The problem isn't that they didn't want to be successful. The problem is that they didn't have the ability to be successful in a free market and our government used you and me to fund them to further Obama's (and the Left's) agenda. That's not how capitalism works.

The reason these people needed loans from the government was that they couldn't sucker enough investors in.

Yes, some businesses will just fail, but the difference between the government using our money to fund these failed businesses and an investor doing the same is that the investor is taking a risk for the possibility of a substantial financial reward. We are just taking it in the pants.

And you're also right that these companies are trying stuff that others have never done before, like solar panels, electric motors and running a profitable business. Or hybrid cars. You think Detroit didn't want to jump on this opportunity because they were paid off by 'Big Oil'? There wasn't a market for it, or where there was a market for it, the tech wasn't ready.

RE: Crony Capitalism
By Dukeajuke on 4/24/2013 9:45:07 AM , Rating: 1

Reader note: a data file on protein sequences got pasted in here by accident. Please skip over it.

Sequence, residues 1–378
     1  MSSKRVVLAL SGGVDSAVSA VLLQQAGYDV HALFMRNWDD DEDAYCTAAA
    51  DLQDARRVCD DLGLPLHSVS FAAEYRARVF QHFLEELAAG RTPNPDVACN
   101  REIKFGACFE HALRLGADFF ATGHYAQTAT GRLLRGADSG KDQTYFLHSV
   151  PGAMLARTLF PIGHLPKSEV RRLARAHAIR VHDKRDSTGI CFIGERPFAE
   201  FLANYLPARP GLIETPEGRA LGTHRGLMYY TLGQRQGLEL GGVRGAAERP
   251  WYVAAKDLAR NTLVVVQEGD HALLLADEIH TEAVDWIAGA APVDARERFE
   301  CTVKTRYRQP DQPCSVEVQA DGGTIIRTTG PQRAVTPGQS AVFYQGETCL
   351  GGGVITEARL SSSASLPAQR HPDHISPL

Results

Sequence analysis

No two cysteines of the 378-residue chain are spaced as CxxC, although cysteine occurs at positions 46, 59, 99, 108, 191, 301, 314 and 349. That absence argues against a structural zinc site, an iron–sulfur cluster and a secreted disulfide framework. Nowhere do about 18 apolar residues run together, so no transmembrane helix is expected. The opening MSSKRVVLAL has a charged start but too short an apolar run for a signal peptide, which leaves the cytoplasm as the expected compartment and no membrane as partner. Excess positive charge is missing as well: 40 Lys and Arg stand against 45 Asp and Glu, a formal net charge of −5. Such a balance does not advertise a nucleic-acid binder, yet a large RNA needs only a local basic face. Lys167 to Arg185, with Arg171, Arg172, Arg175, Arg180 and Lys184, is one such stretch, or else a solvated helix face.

I agree that it's sad that all these companies that were supported by taxpayers money have failed. But you are missing a big part of what is going on here. The US government has a long history of developing new technologies through government programs and Federal departments such as NASA and the DOD. And that is all paid for by your tax dollars right? The goal here was to develope new technologies to wean us off fossil fuels. What the Bush and Obama administrations did was to attempt to spur the development these new technologies by giving public "grants" to private companies instead of trying to do it within the federal bureaucracy (which is terribly inefficient). Some of these new energy companies have been successful, some have not. So was it a waste of taxpayer dollars? That depends on how much it has actually helped further develope alternative energy technology which I don't think can be measured yet.